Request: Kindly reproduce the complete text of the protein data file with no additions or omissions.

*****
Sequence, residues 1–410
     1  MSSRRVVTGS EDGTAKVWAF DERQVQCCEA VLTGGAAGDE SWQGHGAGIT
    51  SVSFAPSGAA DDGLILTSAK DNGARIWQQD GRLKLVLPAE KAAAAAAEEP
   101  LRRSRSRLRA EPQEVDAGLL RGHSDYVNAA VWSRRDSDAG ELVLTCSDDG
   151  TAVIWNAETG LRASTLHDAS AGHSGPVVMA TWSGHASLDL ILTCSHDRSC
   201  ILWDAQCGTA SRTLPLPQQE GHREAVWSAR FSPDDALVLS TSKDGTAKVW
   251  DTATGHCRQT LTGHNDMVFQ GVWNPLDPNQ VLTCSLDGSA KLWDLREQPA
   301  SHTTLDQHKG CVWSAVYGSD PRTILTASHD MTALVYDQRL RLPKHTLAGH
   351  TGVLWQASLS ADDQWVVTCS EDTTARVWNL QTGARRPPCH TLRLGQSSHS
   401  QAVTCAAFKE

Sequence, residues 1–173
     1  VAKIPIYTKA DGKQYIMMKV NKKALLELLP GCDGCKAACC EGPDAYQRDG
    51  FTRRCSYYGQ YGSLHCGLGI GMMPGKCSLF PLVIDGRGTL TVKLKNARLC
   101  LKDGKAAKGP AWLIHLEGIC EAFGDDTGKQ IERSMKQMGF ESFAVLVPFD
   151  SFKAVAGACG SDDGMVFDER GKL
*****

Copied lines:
Sequence, residues 1–410
     1  MSSRRVVTGS EDGTAKVWAF DERQVQCCEA VLTGGAAGDE SWQGHGAGIT
    51  SVSFAPSGAA DDGLILTSAK DNGARIWQQD GRLKLVLPAE KAAAAAAEEP
   101  LRRSRSRLRA EPQEVDAGLL RGHSDYVNAA VWSRRDSDAG ELVLTCSDDG
   151  TAVIWNAETG LRASTLHDAS AGHSGPVVMA TWSGHASLDL ILTCSHDRSC
   201  ILWDAQCGTA SRTLPLPQQE GHREAVWSAR FSPDDALVLS TSKDGTAKVW
   251  DTATGHCRQT LTGHNDMVFQ GVWNPLDPNQ VLTCSLDGSA KLWDLREQPA
   301  SHTTLDQHKG CVWSAVYGSD PRTILTASHD MTALVYDQRL RLPKHTLAGH
   351  TGVLWQASLS ADDQWVVTCS EDTTARVWNL QTGARRPPCH TLRLGQSSHS
   401  QAVTCAAFKE

Sequence, residues 1–173
     1  VAKIPIYTKA DGKQYIMMKV NKKALLELLP GCDGCKAACC EGPDAYQRDG
    51  FTRRCSYYGQ YGSLHCGLGI GMMPGKCSLF PLVIDGRGTL TVKLKNARLC
   101  LKDGKAAKGP AWLIHLEGIC EAFGDDTGKQ IERSMKQMGF ESFAVLVPFD
   151  SFKAVAGACG SDDGMVFDER GKL